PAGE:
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SiOnyx lands $20M US Army deal to advance night-vision cameras

22 Jan 2019

Low-light cameras set to be provide US soldiers with technological advantage.

Massachusetts-based SiOnyx, the developer of high-performance CMOS image sensors, has won a $19.9 million deal with the US Army to deliver digital night-vision cameras.

The contract forms part of the Integrated Visual Augmentation System (IVAS) program – the same project under which Microsoft recently won a near half-billion-dollar order for up to 100,000 augmented reality (AR) headsets.

IVAS is designed to incorporate head, body, and weapon technologies on individual soldiers, giving them an advantage over adversaries increasingly able to use technologies that were previously only available to the US and its allies.

According to prior reports, the US Army wants to improve low-light detection of people at a distance of 150 meters, and thermal recognition of people at 300 meters, as well as reduce the weight of the headsets providing the technology.

The current version of the Hololens headset is approximately 0.6 kg, but Microsoft is widely expected to launch a new version of the kit at the Mobile World Congress (MWC) event in Barcelona next month. Before that Bernard Kress, Microsoft’s optical architect for AR technologies, will also discuss Hololens at SPIE’s Photonics West, in the opening presentation of a special conference dedicated to AR and related technologies.

Black silicon
The SiOnyx agreement for IVAC was issued via SOSSEC, Inc., a consortium formed specifically to address technology needs for the US Department of Defense (DoD).

SOSSEC has set up the Sensors, Communications and Electronics Consortium (SCEC) to conduct research and development activity with the DoD, and to establish technology demonstrations and prototyping projects.

The US Army awarded the contract via its specialist Night Vision and Electronic Sensor Directorate (NVESD), with SiOnyx required to deliver low-light camera modules within two years, for prototyping of low-light and night vision capabilities to the IVAS system.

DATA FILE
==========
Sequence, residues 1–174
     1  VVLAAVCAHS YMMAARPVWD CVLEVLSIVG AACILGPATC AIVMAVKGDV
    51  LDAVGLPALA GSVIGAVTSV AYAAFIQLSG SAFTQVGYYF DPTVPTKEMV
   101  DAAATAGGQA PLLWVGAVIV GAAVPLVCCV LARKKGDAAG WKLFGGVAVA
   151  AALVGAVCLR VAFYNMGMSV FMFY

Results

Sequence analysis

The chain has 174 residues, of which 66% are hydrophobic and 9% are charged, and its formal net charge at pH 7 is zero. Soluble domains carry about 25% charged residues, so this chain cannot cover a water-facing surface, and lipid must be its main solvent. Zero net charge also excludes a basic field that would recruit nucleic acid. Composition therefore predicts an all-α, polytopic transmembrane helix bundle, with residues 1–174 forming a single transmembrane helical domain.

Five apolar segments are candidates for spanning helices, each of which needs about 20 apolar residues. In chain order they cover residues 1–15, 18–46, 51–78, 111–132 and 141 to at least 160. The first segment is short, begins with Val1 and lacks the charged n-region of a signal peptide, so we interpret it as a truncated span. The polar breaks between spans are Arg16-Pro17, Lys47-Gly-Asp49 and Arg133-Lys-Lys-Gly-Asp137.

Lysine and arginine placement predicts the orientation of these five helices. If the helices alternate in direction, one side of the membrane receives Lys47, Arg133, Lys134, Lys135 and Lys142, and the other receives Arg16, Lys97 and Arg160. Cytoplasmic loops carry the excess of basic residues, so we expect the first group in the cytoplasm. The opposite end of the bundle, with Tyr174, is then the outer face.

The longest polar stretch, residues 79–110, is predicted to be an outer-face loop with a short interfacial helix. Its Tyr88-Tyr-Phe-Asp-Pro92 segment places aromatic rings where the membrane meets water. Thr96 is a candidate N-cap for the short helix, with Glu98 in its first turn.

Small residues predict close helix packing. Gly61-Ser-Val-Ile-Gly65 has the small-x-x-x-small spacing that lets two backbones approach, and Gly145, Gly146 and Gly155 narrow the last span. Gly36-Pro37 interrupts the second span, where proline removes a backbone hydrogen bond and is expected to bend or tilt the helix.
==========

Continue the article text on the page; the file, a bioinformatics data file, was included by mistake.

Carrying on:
Around a decade ago, SiOnyx licensed so-called “black silicon” technology from Harvard University, where the mysterious material was reputedly invented by accident. Created by transforming the silicon surface from a shiny material to one covered in nanostructured “spikes”, black silicon is sensitive to wavelengths between 400 nm and 2.5 µm – far beyond the infrared response of regular silicon.

Back in 2012, SiOnyx attracted venture funding from laser company Coherent and In-Q-Tel - the venture wing of the US Central Intelligence Agency (CIA).

A year later, SiOnyx said that its night-vision camera had passed a key military performance test when operated by the US Army in a scene to replicate the conditions found on a moonless night in a desert.

The company has also ventured into much more commercial applications of the technology, last year smashing a goal on the Indiegogo fundraising site with the launch of its “Aurora” camera for capturing high-definition video at night.

LaCroix Precision OpticsABTechLASEROPTIK GmbHBerkeley Nucleonics CorporationCHROMA TECHNOLOGY CORP.HÜBNER PhotonicsTRIOPTICS GmbH
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